(The client thanks me, places the ENTIRE book on my desk, and then leaves. I start to read it later that day, only to discover that not only is the spelling and grammar awful, but so is the book itself. I continue reading much more than I usually do, wanting to believe this man was truly the great writer he claimed to be. The story gets worse and worse the more I read. I read a couple of pages in the middle. Then I skip to the end, only to discover he ended the book with the most despised sentence in the literary world, ‘and it was all a dream.’ Needless to say I wrote him a rejection letter. A few days later I get a message from the receptionist, who is in tears, claiming an enraged man is here, screaming about suing us. I told her to let him in. It was our dyslexic client.)

Client: “What is this?! You told me you were going to publish my book!”

Me: “No, sir. I said I was going to read your book, which I did. I’m sorry but I do not believe it is suitable to be published.”

Client: “That’s bull-s***. My book is brilliant. You have to publish it. There’s no good reason not to.”

Me: “Sir, I’m sorry, but the book’s no good. I can’t publish this.”

Client: “Oh yeah? Name me five reasons why you can’t publish it.”

Me: “Five?”

Client: “Yeah, five. Otherwise there’s no reason your editing team can’t sort it out.”

Me: “Okay. First of all, there is next to no characterisation.”

Client: “What the f*** does that mean?”

Me: “It means that your characters don’t develop in any way.”

Client: “That’s complete bull-s***. What else?”

Me: “Your main character is suppose to be the protagonist and yet has no fatal flaw. He’s perfect.”

Client: “Main characters are supposed to be perfect. That’s why people love them. Hamlet didn’t have a ‘fatal flaw’.”

Me: “Actually, he did. He procrastinated and it resulted in many dying.”

Client: “You don’t know what you’re talking about. And that’s only two.”

Me: “I’m not finished. Three, I know you are dyslexic but almost every sentence needs to be edited. That is too much work for our editor and financially would not be beneficial for the company. Four, you not only use abbreviations in the narration like BTW for ‘by the way’, but you also use words that don’t exist.”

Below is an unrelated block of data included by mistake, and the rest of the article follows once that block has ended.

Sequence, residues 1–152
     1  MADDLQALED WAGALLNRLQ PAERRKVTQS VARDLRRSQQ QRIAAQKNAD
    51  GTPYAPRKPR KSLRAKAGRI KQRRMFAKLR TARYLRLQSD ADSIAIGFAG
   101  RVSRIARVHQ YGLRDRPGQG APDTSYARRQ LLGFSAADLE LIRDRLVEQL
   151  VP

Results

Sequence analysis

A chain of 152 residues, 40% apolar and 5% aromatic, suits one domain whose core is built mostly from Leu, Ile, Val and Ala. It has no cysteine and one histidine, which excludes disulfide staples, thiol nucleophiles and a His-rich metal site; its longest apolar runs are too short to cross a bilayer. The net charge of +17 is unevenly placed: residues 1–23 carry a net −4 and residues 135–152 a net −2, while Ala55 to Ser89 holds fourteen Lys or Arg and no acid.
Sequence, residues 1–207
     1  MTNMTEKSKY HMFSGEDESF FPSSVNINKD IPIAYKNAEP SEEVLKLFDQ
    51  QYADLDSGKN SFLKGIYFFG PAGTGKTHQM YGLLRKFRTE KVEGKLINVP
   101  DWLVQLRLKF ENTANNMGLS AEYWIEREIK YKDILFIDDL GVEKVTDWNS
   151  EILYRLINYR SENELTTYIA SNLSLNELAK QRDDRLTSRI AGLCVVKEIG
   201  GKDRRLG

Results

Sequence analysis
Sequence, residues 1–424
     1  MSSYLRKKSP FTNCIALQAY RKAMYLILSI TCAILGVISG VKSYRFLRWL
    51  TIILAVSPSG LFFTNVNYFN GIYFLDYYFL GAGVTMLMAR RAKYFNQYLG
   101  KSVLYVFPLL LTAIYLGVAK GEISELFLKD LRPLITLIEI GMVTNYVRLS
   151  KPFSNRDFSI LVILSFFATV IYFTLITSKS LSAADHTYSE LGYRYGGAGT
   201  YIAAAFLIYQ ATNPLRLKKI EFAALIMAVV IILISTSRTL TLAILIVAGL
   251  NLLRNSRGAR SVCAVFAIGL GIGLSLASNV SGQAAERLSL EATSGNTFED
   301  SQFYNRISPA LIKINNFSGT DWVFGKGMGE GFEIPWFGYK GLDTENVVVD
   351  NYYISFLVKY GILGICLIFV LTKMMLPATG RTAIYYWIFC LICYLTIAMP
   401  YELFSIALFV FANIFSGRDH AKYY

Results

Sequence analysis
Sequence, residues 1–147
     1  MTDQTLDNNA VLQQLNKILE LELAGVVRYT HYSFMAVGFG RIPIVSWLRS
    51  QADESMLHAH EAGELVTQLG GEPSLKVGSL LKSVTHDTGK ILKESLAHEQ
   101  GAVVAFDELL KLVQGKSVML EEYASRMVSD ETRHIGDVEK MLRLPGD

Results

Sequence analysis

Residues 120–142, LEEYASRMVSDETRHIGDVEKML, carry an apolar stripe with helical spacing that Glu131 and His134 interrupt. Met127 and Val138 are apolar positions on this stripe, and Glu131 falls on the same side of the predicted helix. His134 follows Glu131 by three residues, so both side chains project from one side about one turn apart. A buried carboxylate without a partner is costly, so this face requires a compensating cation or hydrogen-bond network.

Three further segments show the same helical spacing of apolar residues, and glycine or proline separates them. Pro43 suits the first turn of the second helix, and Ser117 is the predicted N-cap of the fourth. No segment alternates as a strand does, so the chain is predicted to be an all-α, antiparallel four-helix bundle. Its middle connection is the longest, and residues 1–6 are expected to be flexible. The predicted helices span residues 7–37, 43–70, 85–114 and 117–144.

Client: “Like what?”

Me: “Like the word ET. It does not exist.”

Client: “Yeah, it does. I ‘et’ an apple.”

Me: “Ate, sir. You ATE an apple. ‘Et’ is not a word.”

Client: “Fine, but that’s only four.”

Me: “And five, it’s not long enough.”

Client: “How can it not be long enough. It’s well over 100 pages.”

Me: “Sir, the quantity of a book is based on word count, not pages. Your book may be over 100 pages, but with the size of the paper, the size of the font, and also that you start a brand new page every time you start a new chapter, it’s too short.”

Client: “Well, how long does it have to be?”

Me: “The average novel is between 80,000 to 120,000 words. Your novel is just over 16,000. I have nothing against people with dyslexia and there are many great writers who have it. You, however, will not be one of those writers. I can continue to list more things wrong with your novel but I have listed the five you requested. Now I must ask you to leave my office as I am incredibly busy.”

(The client grabs his novel from my hands and storms out. A couple of weeks later we receive a letter from a lawyer suing us for discrimination, claiming that we were not publishing the man’s novel because he was dyslexic. I had our lawyers phone his, explaining the true reasons, and also that our conversation was recorded. We never heard from him after that.)